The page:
The Role of Culture in Defining DevOps


A big part of adopting DevOps involves changing an organization’s culture.  At Open Source Summit in Los Angeles, Matt Micene will host a birds of a feather session discussing how and why culture change occurs and why collaboration is the cornerstone of successfully implementing new practices.  

Micene, a Senior Evangelist at Red Hat, has more than 15 years of experience in information technology, ranging from architecture and system design to data center design. He has a deep understanding of key technologies, such as containers, cloud computing, and virtualization.  In this interview, Micene describes some of the challenges of DevOps adoption and the need for culture change. How do you define the DevOps movement? Is it a restructuring of teams to break down silos or is it more than that?

Matt Micene: I look at it in terms of Conway’s Law — to change the way you design a system you have to change the way you communicate.  Conway may have been thinking about smaller units (across teams), but I think it holds across departments and divisions.  Breaking silos is about building those new bridges and paths.

You can trace the existing silos to organizational thought. “We need to control risk associated with changes, so we need a change control board. We need to limit who has access to sensitive data, so only this team has access to production systems.”  With enough history, you can trace any policy to a specific event that broke production.  DevOps challenges the way that organizations think about their IT processes.

DevOps methods find new ways to address the same needs; smaller changes introduce less risk than large ones, responsibilities should be on accountability not roles. Communication and collaboration are important to make sure that all of the voices involved in delivering value via an application are considered; not just in IT but also the lines of business. What kind of challenges that organizations and employees generally face?

Micene: Many people look at DevOps as the next Agile or how to run an IT project.  You’ll see a focus on automation and software delivery.  New tools will be built or introduced, and they won’t provide the sweeping change promised.

The bigger challenges come from changing people’s points of view on where responsibilities end and how to step outside their comfort zone.  “Why should a developer carry a pager?  That’s why operations is here, we write code and fix bugs, they manage the application.”

And IT isn’t the sole player, getting the person who owns the bottom line to accept that 10 deployments a day to production is less risky than one big deployment a month can be difficult.  Sometimes we need to change the  definitions of words that we’re used to using.  There’s a big difference between a “deployment” that updates a 100 lines of code to fix a feature and one that takes a whole weekend to change database schema and deploy a new version of an application that has 100s of changes and new features. Does focus on culture really matter? Isn’t it all about technology?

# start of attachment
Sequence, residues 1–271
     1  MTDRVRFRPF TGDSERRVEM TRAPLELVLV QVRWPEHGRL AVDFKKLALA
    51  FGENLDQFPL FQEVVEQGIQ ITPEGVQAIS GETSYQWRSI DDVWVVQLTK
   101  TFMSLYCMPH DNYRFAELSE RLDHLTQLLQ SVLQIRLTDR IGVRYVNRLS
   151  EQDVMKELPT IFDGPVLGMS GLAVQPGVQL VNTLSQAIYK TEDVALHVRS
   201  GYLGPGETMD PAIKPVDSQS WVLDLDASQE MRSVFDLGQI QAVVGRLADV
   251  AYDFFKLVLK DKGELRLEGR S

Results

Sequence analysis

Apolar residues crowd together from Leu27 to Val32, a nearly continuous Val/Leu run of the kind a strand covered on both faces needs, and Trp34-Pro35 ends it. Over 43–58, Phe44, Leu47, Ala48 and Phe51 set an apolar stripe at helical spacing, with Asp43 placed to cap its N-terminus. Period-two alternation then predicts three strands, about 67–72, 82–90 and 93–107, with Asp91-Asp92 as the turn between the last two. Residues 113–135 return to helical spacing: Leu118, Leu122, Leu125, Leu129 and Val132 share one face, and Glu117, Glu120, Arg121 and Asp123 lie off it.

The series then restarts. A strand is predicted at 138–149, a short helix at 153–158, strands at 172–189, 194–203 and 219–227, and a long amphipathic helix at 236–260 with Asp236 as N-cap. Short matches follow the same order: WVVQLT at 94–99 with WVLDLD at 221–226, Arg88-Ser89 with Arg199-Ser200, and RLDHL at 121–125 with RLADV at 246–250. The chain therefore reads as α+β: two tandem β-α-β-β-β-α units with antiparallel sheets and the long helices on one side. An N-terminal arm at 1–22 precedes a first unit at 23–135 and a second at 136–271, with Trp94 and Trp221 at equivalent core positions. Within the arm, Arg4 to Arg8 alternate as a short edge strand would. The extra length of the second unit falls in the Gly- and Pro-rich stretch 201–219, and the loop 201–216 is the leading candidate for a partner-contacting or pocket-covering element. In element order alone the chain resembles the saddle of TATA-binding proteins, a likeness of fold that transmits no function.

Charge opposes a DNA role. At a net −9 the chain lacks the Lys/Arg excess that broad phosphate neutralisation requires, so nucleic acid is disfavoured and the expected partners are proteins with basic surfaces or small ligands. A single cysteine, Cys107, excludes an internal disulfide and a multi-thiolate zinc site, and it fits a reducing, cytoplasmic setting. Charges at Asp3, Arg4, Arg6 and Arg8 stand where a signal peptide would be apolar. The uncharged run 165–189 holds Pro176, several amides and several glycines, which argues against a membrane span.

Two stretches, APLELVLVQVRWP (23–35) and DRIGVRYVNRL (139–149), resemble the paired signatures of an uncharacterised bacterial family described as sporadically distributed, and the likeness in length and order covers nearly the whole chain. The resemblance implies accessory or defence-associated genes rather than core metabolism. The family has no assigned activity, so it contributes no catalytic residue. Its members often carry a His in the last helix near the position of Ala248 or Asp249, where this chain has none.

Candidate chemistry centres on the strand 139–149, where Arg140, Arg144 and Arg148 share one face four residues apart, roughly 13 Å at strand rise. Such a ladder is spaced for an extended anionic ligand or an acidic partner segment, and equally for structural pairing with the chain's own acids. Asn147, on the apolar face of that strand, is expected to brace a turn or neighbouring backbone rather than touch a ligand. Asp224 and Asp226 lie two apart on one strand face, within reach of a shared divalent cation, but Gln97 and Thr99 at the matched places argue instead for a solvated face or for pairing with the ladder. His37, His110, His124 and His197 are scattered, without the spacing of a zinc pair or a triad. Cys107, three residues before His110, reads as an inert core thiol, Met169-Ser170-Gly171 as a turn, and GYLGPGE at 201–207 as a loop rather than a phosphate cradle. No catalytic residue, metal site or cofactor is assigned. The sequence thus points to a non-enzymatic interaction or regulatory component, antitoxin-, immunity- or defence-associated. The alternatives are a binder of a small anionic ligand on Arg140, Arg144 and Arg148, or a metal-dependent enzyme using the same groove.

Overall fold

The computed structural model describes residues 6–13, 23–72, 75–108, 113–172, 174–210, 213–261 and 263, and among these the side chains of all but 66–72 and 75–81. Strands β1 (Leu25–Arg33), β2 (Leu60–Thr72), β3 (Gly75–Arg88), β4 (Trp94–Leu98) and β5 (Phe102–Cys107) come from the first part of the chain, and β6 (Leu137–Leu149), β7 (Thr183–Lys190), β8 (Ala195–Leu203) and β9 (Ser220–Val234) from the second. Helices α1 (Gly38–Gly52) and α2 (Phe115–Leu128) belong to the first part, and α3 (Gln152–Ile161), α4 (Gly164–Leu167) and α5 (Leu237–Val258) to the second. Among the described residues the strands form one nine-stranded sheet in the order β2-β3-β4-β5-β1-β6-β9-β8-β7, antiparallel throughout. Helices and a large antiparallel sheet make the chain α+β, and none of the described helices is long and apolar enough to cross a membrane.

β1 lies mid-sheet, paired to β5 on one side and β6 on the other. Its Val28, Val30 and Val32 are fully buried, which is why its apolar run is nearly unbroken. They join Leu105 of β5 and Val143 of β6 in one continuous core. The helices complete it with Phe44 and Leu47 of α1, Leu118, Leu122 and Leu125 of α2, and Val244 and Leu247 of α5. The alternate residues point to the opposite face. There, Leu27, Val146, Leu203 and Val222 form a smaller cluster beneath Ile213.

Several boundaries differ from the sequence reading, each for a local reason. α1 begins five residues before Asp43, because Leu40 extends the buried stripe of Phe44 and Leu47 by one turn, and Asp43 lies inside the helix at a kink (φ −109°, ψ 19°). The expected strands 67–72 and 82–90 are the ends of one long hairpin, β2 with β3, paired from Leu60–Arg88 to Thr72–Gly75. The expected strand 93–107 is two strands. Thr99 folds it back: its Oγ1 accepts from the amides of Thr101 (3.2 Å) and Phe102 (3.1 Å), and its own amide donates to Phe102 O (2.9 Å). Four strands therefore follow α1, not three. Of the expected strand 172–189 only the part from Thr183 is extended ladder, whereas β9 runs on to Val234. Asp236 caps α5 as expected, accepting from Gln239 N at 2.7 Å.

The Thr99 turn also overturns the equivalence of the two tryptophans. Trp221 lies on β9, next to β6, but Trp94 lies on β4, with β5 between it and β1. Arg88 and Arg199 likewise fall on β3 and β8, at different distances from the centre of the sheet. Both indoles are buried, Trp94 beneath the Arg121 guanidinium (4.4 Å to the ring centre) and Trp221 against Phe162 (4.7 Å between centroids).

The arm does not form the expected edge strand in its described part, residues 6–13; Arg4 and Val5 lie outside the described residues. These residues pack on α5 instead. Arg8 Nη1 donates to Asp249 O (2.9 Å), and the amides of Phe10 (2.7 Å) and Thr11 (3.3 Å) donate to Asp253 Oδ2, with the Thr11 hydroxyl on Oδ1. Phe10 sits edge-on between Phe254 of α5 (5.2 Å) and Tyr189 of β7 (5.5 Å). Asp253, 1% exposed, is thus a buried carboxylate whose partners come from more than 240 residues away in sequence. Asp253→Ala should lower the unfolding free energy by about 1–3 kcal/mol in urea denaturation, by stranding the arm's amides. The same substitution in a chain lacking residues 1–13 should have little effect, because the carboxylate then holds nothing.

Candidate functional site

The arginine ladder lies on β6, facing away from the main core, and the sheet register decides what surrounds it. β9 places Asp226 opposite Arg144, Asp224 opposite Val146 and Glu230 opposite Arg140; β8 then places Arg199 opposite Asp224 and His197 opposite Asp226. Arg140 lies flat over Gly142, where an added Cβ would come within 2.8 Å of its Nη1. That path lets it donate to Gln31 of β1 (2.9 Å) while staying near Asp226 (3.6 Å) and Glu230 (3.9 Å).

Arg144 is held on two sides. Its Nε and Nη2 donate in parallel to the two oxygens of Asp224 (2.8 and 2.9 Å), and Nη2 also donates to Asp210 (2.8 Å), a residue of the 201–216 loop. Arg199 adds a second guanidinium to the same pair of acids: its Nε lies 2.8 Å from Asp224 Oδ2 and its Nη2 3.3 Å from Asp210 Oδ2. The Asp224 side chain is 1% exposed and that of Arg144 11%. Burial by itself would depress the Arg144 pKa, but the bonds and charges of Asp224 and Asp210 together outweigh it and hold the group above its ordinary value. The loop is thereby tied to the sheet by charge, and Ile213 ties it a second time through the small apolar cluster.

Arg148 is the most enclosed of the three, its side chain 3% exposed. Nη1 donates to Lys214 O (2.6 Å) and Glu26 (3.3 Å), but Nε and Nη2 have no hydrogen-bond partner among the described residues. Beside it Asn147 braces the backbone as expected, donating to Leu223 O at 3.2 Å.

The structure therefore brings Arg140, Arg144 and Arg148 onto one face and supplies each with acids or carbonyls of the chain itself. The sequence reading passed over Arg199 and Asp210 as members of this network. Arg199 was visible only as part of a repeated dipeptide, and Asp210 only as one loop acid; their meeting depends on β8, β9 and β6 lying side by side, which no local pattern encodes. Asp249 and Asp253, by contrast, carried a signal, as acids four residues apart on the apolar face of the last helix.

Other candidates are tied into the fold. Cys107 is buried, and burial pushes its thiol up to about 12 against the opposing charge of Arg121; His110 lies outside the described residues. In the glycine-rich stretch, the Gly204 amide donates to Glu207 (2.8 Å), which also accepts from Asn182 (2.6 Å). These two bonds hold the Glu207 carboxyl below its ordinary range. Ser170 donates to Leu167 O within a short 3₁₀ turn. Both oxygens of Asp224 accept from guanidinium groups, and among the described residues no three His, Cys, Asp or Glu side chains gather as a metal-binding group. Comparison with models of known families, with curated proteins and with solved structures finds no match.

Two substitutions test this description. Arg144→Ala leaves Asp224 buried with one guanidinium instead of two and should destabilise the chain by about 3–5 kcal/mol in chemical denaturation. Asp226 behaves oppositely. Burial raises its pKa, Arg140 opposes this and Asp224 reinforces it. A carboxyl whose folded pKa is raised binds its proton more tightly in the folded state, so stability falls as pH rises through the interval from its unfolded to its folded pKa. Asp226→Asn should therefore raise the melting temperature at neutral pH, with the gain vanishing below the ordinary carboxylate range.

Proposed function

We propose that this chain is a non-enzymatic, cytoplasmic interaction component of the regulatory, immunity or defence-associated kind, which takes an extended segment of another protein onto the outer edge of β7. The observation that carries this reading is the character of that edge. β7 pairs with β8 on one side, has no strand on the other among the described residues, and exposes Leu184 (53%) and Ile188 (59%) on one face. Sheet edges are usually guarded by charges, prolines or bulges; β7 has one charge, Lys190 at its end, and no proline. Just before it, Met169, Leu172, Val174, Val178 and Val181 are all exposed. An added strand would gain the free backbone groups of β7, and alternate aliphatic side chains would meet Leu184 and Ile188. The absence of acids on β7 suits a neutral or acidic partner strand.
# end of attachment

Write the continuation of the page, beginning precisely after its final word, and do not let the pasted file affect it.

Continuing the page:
Micene: Culture can have a lot of different definitions, especially when talking about a business. Let me offer this one without getting too academic: culture is a shared set of learned knowledge, habits, and beliefs about what is right or wrong.

The key there is that culture is shared and learned. To change culture you need to build a new consensus on what works, and then communicate it broadly.  Corporate culture often isn’t planned; it’s a living aggregate of all of the experiences, and policies are the written expression.

If DevOps is about people, processes, and tools, then two-thirds of DevOps is about culture; the why and what  we do things as a group.  If you can’t change those, changing the how by introducing a new tool won’t get the result you want.  The technology improvements are important, too.  You won’t get the results you want if you’re still thinking “don’t break the nightly build” and not “the pipeline always delivers deployable code even if though build broke.” A lot of companies are now consuming open source; it’s becoming a norm. Is it also creating some cultural changes?

Micene: Absolutely.  Introducing new ideas into a culture sparks a reaction.  Open source software makes people think differently about their IT solutions, even if you’re working with vendor-supported open source software.  The rise in “inner sourcing” practices within organizations is tied to the normalizing of open source.   Open source introduces the idea of collaboration to organizations that may never otherwise consider it. Who should attend your session and why?

Micene: DevOps is all about people collaborating, and that’s my goal for this “birds of a feather” session.  Rather than listen to someone else talk, I want to get people together to talk about their issues, ask questions, and hopefully hear some success stories too.  If one person goes home with a way to un-stick a stalled effort or how to better introduce a new idea from a talk they heard at Open Source Summit, I think that’s a win.